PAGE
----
Since she was a child, self-made photographer Amy Stone's interests have been rooted in visual creativity. After moving to New York and graduating college, she landed a gig being a social photography intern at Zac Posen, and later went on to intern at the CFDA and with Garance Doré and The Sartorialist. It wasn’t until later that she realized there was an industry need for beautiful imagery—specifically for social content—and with her impressive list of internships, Stone eventually landed at Gap, where she now oversees social media creative and content direction. In addition to her full-time role, Stone has built a successful photography business with clients ranging from Rag & Bone to Nars, and she hasn’t looked back. What’s the key to it all? Being proactive and enjoying life to its fullest—with a glass of Veuve Clicquot in hand. Continue reading for four tips Stone has learned during her career.
“When I moved to New York, I was attracted to working in-house at a large, well-known brand, and I ended up pursuing marketing as a career. While social media was burgeoning, at the same time,” says Stone, “it was hard not to notice that the industry was in need of imagery for social content, and I loved creating beautiful stories through visual work. Next thing I knew, I was interning as a social photographer for Zac Posen. Side projects and freelance campaigns came after I established my name, my work, and my experience.”
“Entering a new relationship with a brand or client can be very exciting, but it’s always important to ask questions up front, whether it be potential hypothetical scenarios that could arise during a shoot to inquiries about covered expenses, approved props, and usage rights,” explains Stone. “Even if the client doesn’t ask, I always send a mood board, location scout, and shot list for approval prior to any shoot to make sure everyone is aligned.”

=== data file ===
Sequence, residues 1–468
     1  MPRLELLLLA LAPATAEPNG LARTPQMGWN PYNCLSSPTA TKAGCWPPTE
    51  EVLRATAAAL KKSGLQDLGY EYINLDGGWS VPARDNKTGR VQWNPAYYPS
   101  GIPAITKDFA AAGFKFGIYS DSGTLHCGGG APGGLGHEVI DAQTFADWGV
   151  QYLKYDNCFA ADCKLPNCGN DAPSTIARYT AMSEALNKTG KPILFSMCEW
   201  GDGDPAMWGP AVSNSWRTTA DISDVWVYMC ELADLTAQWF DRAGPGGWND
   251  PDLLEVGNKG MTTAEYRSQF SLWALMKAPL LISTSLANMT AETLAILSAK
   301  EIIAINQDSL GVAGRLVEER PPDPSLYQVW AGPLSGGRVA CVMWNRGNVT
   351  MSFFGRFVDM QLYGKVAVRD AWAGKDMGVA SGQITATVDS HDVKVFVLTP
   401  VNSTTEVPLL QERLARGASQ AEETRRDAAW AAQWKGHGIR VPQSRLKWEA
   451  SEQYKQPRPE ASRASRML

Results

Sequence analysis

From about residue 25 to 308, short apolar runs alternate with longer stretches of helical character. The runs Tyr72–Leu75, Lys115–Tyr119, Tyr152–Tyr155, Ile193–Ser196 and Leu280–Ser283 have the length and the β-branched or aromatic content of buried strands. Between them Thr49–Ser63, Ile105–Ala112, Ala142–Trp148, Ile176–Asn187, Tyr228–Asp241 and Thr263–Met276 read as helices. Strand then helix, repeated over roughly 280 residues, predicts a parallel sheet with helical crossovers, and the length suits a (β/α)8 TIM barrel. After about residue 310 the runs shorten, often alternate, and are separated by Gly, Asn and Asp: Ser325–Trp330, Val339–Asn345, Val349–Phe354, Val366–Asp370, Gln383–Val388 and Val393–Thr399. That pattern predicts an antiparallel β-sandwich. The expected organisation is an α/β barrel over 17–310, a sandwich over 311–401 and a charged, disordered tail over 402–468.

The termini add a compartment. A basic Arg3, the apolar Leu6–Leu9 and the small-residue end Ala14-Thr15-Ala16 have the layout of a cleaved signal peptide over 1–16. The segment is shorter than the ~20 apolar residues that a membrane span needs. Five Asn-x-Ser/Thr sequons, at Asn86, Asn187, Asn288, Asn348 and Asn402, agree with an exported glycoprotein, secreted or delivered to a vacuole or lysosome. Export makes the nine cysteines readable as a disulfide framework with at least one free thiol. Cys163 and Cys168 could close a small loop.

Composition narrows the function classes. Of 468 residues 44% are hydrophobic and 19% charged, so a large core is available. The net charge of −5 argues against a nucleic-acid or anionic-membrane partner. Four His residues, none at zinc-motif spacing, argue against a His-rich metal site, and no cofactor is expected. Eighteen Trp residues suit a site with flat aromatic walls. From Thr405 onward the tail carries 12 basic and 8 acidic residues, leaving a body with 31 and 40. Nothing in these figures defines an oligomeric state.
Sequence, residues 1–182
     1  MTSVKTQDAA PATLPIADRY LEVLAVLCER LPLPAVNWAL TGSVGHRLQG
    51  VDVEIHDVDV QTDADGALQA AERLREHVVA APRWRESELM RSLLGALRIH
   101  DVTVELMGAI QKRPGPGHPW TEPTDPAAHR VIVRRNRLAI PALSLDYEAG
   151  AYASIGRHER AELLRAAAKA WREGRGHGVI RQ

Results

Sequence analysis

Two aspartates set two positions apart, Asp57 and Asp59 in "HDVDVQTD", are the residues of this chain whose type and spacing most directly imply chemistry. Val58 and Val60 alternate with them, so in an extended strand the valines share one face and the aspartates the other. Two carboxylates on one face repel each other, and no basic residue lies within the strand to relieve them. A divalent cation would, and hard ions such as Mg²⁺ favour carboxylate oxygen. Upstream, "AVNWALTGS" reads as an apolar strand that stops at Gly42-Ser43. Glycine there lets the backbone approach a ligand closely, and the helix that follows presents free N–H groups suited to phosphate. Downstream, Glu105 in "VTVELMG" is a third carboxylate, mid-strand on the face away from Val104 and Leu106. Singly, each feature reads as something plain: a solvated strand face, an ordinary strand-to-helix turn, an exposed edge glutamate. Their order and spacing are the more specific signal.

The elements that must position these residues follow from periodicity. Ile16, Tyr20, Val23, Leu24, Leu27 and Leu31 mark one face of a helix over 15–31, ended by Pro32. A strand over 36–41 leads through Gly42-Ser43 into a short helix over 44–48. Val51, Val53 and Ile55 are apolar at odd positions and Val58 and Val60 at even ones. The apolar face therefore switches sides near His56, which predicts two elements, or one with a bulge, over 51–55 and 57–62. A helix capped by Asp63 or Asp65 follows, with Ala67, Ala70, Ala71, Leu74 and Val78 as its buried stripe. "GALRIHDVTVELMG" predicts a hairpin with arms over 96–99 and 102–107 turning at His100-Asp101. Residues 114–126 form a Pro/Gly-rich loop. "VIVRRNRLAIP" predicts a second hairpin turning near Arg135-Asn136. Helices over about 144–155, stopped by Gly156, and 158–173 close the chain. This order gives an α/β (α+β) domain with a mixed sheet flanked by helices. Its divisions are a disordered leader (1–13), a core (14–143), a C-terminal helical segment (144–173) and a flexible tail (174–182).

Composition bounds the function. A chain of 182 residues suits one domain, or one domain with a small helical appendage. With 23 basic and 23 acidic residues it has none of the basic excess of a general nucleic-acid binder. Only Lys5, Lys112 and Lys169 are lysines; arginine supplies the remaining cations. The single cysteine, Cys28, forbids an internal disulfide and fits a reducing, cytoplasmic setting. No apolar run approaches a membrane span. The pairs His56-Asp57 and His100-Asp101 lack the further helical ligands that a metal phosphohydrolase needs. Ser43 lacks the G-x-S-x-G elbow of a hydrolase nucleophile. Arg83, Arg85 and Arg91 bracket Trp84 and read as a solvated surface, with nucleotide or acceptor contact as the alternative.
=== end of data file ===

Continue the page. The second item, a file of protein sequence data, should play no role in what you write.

“If there's a brand or publication you’d like to shoot for, reach and out and express interest! I often hear my peers say they don’t contact anyone, they wait for people to come to them, which I feel is very ego-driven,” explains Stone. “We live in the social and digital era where distractions are high, attention spans are low, and finding contact information is simple. Your dream brand might love your work and want to hire you, but they never knew you existed. Be open to anything.”
“It’s important to partner with optimistic people and brands who value the same things as you do. Despite the many challenges you’ll likely be faced with in your career, try to enjoy life as much as possible,” says Stone. “I love traveling, being inspired by creativity, seeking out beauty in all forms, and obviously clinking a glass of Veuve Clicquot at the end of the day.”
Would you ever leave a stable career to pursue your passion? Tell us in the comments below.